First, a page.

Could 3D printable open-source rocket engines be the next frontier? That’s the hope of DIYRockets, a company which advocates the open-source development of space. Yesterday, at The South by Southwest® conference in Austin, Texas, they joined with Sunglass to announce a new contest that will reward developers of a new 3D printable rocket engine design capable of putting nano-satellites (meaning very small payloads) into space.
Sunglass is a cloud-based 3D design platform, and it must be used if you want to qualify for the prizes, including a $5,000 prize for best design and a $2,500 prize for student teams.
DIYRockets co-founder Darlene Damm said that NASA’s recent move toward “private and public innovation…[makes] technology…now more affordable than ever, [thus] we see this as a greenfield opportunity to truly redefine space design and technology.” Although the prize focuses on just getting the technology to work well enough to get tiny payloads into orbit, the ultimate goal is to “disrupt” the space transportation industry — presumably by allowing small players to be able to lift their own objects into space.
3D printing, also known as additive manufacturing, is a new technique for creating objects from a digital model by laying down layer after layer to build up the item. Developers think it will have wide applications, such as the ability to print human organs for transplant into sick patients. However, it may also pose the threat of criminals being able to print illegal drugs or even weapons. While it’s illegal to print a 3D gun in the US, over 150,000 patterns were recently downloaded after a speech that President Obama gave on gun control.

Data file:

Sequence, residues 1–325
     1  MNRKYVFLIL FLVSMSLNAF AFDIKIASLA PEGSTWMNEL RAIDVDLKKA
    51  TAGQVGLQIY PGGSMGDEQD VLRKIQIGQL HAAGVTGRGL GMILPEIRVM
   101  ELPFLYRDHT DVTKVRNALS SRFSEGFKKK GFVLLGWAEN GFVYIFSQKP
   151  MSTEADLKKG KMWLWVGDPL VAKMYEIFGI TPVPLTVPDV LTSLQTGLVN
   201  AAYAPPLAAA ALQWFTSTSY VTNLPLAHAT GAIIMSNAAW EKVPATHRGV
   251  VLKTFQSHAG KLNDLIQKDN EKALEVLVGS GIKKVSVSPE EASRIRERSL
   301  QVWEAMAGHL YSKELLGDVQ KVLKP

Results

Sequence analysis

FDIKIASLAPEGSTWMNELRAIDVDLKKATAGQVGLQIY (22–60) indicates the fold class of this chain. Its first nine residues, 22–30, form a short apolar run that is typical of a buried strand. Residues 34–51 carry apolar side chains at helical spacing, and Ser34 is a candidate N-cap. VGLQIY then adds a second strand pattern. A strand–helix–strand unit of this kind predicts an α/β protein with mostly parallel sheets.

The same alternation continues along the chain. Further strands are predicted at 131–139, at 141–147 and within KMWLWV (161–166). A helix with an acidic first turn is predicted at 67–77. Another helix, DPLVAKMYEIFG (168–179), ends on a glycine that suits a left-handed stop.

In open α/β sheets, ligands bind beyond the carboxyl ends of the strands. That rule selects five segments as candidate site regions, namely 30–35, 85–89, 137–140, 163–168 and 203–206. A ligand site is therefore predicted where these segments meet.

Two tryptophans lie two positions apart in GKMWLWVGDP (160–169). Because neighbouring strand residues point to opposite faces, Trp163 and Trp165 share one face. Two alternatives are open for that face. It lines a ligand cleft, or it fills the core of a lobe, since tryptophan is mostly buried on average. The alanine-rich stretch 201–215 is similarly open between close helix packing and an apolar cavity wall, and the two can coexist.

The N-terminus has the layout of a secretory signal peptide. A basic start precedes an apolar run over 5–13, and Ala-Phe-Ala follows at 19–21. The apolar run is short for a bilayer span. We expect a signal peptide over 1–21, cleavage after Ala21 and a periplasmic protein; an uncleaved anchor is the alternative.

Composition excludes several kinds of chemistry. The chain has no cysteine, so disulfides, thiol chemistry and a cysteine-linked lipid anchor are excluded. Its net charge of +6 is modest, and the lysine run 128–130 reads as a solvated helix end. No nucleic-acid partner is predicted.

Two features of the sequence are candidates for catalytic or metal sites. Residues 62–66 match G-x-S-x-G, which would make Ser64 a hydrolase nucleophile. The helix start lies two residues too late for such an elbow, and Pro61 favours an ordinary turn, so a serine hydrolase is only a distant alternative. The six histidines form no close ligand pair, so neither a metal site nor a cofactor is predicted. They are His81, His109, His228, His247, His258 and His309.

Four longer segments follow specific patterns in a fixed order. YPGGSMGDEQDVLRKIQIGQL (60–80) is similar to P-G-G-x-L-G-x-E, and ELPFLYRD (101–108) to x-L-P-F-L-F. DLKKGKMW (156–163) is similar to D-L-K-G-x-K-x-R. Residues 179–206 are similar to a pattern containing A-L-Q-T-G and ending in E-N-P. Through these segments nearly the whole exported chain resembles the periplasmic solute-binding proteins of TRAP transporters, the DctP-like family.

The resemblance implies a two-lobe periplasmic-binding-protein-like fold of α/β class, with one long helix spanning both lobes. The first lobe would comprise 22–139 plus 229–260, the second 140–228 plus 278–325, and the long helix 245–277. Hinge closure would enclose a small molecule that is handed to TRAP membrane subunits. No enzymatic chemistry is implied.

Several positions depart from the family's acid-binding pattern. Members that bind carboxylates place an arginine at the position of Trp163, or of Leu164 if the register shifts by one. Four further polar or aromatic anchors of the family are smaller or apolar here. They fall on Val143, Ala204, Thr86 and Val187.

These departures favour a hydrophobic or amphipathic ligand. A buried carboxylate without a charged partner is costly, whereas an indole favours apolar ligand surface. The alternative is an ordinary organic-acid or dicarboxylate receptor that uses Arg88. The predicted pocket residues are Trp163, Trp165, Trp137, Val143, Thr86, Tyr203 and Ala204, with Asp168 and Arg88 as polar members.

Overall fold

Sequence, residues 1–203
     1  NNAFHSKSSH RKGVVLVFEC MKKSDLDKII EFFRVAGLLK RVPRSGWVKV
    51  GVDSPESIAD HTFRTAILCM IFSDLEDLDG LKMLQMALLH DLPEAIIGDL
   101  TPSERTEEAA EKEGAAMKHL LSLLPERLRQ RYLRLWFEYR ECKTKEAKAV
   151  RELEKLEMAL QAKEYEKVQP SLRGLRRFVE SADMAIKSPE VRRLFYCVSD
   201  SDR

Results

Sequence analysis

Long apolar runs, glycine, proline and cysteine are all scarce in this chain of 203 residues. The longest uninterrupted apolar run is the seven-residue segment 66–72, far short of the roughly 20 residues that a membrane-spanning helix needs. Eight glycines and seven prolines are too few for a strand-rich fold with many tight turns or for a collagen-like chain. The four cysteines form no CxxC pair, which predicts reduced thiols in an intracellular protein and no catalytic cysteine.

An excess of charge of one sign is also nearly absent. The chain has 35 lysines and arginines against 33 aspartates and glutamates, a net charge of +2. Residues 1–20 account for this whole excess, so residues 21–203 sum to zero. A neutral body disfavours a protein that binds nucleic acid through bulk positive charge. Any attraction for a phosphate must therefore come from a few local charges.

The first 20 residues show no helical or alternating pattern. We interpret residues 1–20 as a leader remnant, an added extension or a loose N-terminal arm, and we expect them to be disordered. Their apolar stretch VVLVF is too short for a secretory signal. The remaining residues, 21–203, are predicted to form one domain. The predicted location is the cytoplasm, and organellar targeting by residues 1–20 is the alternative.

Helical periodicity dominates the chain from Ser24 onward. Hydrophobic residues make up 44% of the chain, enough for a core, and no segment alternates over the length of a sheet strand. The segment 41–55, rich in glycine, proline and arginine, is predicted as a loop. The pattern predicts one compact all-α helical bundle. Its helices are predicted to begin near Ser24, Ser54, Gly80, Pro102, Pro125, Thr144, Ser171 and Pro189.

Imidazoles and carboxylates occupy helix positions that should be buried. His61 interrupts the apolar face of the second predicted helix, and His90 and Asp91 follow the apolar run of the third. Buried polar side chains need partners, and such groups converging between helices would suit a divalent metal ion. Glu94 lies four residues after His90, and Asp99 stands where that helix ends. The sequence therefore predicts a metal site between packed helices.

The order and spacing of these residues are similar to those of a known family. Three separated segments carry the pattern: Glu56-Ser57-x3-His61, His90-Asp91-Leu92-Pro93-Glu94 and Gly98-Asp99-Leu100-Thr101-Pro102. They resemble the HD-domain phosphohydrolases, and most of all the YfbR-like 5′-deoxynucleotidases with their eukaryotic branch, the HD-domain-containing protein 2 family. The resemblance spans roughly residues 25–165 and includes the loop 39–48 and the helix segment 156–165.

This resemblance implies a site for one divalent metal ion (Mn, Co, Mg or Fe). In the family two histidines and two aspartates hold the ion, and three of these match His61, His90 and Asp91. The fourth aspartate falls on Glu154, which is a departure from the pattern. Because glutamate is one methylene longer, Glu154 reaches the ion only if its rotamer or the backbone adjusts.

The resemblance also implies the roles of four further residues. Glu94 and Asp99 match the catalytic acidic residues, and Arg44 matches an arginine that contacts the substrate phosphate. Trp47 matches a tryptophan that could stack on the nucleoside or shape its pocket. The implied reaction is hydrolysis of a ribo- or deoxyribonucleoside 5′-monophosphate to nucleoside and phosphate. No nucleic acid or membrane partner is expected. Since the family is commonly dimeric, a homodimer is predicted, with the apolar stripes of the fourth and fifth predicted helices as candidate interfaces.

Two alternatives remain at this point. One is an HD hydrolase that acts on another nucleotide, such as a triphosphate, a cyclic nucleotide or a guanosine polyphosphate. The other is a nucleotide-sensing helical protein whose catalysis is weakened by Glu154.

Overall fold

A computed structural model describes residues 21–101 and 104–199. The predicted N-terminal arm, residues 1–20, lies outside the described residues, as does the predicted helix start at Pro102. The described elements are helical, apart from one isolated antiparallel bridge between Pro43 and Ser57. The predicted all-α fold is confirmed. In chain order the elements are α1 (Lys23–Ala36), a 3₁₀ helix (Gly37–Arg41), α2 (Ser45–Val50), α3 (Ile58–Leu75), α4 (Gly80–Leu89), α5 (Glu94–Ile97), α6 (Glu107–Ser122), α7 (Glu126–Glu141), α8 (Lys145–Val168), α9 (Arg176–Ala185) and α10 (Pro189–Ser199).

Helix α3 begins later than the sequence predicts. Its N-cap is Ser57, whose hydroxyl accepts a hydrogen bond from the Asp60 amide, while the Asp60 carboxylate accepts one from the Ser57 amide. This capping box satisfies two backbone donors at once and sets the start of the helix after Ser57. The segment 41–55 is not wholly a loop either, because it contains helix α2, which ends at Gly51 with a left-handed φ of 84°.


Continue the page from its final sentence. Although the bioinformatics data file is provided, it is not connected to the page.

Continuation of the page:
But legal and bureaucratic challenges aren’t new to rocket builders. The model rocket building hobby, once a traditional way for young people to get excited about science and space, suffered greatly in the aftermath of the 911 attacks. To control terrorism, the engines and some kinds of fuel were placed under strict controls to make sure that explosives didn’t get into the wrong hands. Some hobbyists became frustrated with the restrictions and simply dropped the hobby.
And that’s a shame, because building model rockets inspired a whole generation of 1950s-era young people to study science and technology. The 1999 movie, October Skies was based on the true story of one young man, a teen-ager from a coal-mining town who got into a little trouble setting off rockets but who ultimately became an aerospace engineer as a result of his experiments.
If the 3D printing project works to create new rocket engines, it could be a boon to science educators as well as space entrepreneurs.
[US Space & Rocket Center, Huntsville, AL photo courtesy Elaine Radford]